Friday, June 2, 2017

Return of the tame-flower bed

Actually, since it's mostly weeds at the moment, I guess I can't exactly call it tame. Perhaps it would be more accurate to call it a lame-flower bed.

A quick recap: Back in 2014, after pulling out the overgrown shrubs to the left of our front door, we planted the area with a wildflower seed mix we bought from American Meadows. This blend was a mix of annuals and perennials for the Northeastern gardens, and the site promised "show-stopping color all season long, year after year." And, after an unpromising start in spring of 2014, the seeds did actually burst into an impressive mix of blooms by mid-June.

But sadly, this triumph was short-lived. One particular flower in the mix, the bachelor's buttons (aka cornflowers), grew up to a height of about four feet and then, in the first heavy rainstorm, flopped over, burying everything else under their stalks. We attempted to compensate for this problem the following year by installing a grid of stakes and string that we hoped would keep the flowers corralled, but that turned out to be too little, too late. The grid wasn't enough to keep the flowers from flopping, and moreover, the bachelor's buttons had spread beyond the borders of the original bed and were flailing about with no constraints. One year later, they had pretty much taken over the entire area, and pulling them all out left us with a pitiful, scraggly mix of a few poppies and black-eyed Susans looking sadly around for all their friends.

So in 2016, we came up with a new plan. We bought a different wildflower seed blend, this one containing only perennial plants. That, we figured, would remove the overly aggressive cornflowers from the mix. Last fall, we pulled everything out of the bed, planted the new perennial seed mix in place of the old, and crossed our fingers.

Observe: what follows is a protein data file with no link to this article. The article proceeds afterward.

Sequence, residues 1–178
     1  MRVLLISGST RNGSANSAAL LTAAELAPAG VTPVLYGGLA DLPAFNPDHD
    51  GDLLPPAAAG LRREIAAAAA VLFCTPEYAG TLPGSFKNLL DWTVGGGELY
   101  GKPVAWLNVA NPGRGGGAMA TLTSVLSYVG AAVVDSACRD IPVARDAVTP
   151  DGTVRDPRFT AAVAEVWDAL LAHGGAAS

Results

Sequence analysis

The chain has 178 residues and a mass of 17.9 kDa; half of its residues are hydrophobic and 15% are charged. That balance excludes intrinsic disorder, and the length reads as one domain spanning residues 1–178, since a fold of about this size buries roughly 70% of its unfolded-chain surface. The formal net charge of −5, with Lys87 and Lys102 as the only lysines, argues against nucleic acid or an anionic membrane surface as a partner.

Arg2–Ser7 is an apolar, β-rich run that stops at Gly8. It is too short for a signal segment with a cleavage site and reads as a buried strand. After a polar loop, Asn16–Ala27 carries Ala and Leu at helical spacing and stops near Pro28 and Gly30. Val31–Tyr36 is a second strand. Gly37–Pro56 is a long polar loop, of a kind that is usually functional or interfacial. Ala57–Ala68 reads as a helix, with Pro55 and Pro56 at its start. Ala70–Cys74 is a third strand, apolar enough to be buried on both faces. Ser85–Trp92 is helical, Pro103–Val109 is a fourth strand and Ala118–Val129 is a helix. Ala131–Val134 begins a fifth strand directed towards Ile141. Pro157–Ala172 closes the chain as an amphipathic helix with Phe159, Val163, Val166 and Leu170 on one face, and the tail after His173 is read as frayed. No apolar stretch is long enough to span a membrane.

And now, nearly six months later, here's what we've got:

What you might notice about that picture is the conspicuous absence of flowers. There's a lot of green stuff, but only a few tiny wallflowers blooming. Worse still, those tallish stems that look like they're ready to bloom before too long are actually....wait for it...BACHELOR'S BUTTONS! These things are like the monster in a horror movie! No matter how many times you kill it, it just keeps coming back!

Now, maybe I'm being too hasty in calling this attempt a failure. After all, at this point in June of 2014, all we had was a patch of baby's breath with a few scattered dots of color, but two weeks later, the bed was a full-on riot of color. So maybe the perennials will undergo a similar transformation (once we get the damn cornflowers out of there).

Unfortunately, we'll have to wait quite a while to find out, as the American Meadows site warns one reviewer that "perennials do typically only show green growth in the first year." So we might not know until next summer whether we're actually going to get any blossoms...and by then, it will be too late to do anything about it until the following year. Which means we might not be able to get anything decent-looking into this area before 2019.

All in all, I'm feeling kind of disappointed with our attempts to grow a pollinator garden in this area, as the landscaper we consulted back in 2012 recommended. I'm wondering if maybe we would have been happier just replacing those big, overgrown shrubs with some slightly smaller shrubs—maybe a couple of hydrangeas or small rosebushes—and calling it good.
Post a Comment